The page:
Exposing our “GUTS”
On Sept. 8, 2023, gen z musician Olivia Rodrigo’s second album GUTS was released around the globe to widespread praise. Labeled formally as a pop album, GUTS transcends the genre by incorporating pop rock and alternative touches throughout its runtime.
Rodrigo has “certainly found a way to be present in the mainstream in a way that’s a little bit difficult now,” said Brain Fauteux, associate professor in popular music and media studies at the University of Alberta.
“We often listen individually, and I think that cuts across generations and demographics and even countries,” he said when asked about the resonance GUTS has had with young adults.
Many have already grown up with Rodrigo’s music as they reach their early twenties at the same time she does:
“A lot of people who would be undergraduate or typical undergraduate age now have grown up with the last three or four years of her music and hit singles going from high school to university.”
Rodrigo’s ability to highlight experiences young adults face is also noted by Abhiraj Lamba, current student at the University of Waterloo when discussing his favourite track from the album “teenage dream”:
“It’s really rooted and well written. And it’s just really authentic – I think that’s what I love about it.”
This authenticity is reflected in the introspective themes of Rodrigo’s writing, as highlighted by Fauteux:
“It’s very introspective still. And it’s not about, you know, perfection or being a perfect popstar. There are those kinds of elements that come through in the lyrics, but there’s a lot of really anthemic songs and a lot of energy, whether it’s some of the faster ones or even some of the ones that sound a little bit more like a ballad. They still come together in ways that sound a little bit more collective in the overall sound.”
This introspective side of Rodrigo’s writing shines brightest in the album’s slower moments, tracks like “lacy” detailing acute obsession with someone you perceive as perfect in every way:
“I despise my jealous eyes and how hard they fell for you/ Yeah, I despise my rotten mind and how much it worships you.”
The same sentiments of feeling lost and left out is also present on the “boppier” tracks of the album, “ballad of a homeschooled girl” further accentuating these themes with dark humour:
“Each time I step outside, it’s social suicide/ It’s social suicide, wanna curl up and die.”
“There’s a range of emotion present on the album sonically – kind of moving from those different tempos and influences, the sounds of electronic music and punk and pop, said Fauteux.
“There’s a lot sonically taking place. It’s not fairly uniform across. So, I think that’s also a compelling part of this album and its wider reception too.”
Nowhere is this range more present than the shift from track number 7, “logical”, to track number 8 “get him back!”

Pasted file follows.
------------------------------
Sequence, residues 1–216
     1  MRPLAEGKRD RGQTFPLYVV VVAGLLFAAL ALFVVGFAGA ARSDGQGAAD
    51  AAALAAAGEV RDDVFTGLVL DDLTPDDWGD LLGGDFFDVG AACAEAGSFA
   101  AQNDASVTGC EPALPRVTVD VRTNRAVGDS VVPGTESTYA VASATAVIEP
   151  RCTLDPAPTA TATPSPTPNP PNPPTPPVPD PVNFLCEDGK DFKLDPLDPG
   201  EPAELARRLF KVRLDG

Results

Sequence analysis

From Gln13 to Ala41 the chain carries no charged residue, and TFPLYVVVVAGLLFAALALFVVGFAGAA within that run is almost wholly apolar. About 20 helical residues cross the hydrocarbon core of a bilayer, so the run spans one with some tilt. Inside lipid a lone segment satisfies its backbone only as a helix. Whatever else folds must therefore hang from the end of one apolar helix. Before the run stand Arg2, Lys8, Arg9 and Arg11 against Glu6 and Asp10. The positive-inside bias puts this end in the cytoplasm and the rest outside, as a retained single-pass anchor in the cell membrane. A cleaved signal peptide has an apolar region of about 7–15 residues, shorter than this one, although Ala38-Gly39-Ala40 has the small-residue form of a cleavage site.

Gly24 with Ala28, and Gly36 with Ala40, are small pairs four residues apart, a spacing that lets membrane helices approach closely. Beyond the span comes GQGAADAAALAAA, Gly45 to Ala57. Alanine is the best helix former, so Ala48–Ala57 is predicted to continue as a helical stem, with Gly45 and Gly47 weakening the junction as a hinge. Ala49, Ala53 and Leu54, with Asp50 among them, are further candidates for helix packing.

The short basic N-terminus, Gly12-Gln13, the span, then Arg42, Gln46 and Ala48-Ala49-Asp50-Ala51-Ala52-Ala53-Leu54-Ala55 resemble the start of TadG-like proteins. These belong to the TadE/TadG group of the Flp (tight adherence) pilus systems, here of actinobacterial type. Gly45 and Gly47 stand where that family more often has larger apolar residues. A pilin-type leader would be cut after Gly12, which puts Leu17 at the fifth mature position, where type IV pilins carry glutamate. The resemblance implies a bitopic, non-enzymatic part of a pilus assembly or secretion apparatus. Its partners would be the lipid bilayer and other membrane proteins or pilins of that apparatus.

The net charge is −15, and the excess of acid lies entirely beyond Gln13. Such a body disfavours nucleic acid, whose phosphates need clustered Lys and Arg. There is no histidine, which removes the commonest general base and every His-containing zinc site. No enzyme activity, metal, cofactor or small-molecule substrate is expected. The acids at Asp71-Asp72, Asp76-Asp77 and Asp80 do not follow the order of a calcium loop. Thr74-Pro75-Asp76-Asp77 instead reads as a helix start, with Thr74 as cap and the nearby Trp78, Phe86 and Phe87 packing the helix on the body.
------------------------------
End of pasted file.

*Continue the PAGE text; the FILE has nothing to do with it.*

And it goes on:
“logical” serves a clear piece of advice to listeners in the chorus:
“Cause if rain don’t pour and sun don’t shine/ Then changing you is possible/No, love is never logical.”
This sentiment is then played with again in “get him back!” as Rodrigo sings
“I wanna key his car/ I wanna make him lunch/I wanna break his heart, stitch it right back up/ I wanna kiss his face with an uppercut/ I wanna meet his mom, and tell her her son sucks.”
The illogical nature of love is one that hits particularly hard for those in their teens and early twenties listening to the album. With the release of GUTS came the TikTok phenomenon of the “twenty-year-old teenage girl.”
When asked what he thought of this concept, Lamba, the University of Waterloo student, said he could relate to it,
“Because a lot of what I like is just stuff which, I guess – the perception is that it is for teenagers.”
The popularity of the phenomenon has the added result of bringing the emotions of those in their teens and early twenties into the spotlight – accentuating them in a way that legitimizes them when they have often been critiqued in the past.
This is something done by Taylor Swift in the past as she chose to expand her lyricism with Folklore and Evermore.
odrigo has only contributed to the album movement that is centered on lyricism.
While the aesthetic of GUTS has been criticized for being similar to Rodrigo’s first album SOUR, it will be interesting to watch where the gen-z star goes with her next album as she continues to age, and her writing matures.
The widespread popularity of GUTS and SOUR despite their similar aesthetics proves that with good music, aesthetics should be of secondary concern.
“I think it’s maybe a good sign that you can have two successful albums out in a row that don’t need to change aesthetically dramatically in order to grasp people’s attention,” said Fauteux.
“I think that another big reason why Olivia’s music resonates is because there is one consistent force across the mainstream of pop music over the last little while – Taylor Swift,” said Fauteux.
“I think there are some differences, but also similarities in terms of their careers, their music, that space they occupy in broader culture,” he said.
“It’s an interesting comparison – it’s hard to hard to predict where she’ll go after this.”
As Rodrigo’s GUTS world tour begins on Feb. 23, 2024 with 77 shows, it seems clear that Rodrigo will only continue to dominate popular culture with her hit pop/punk tracks.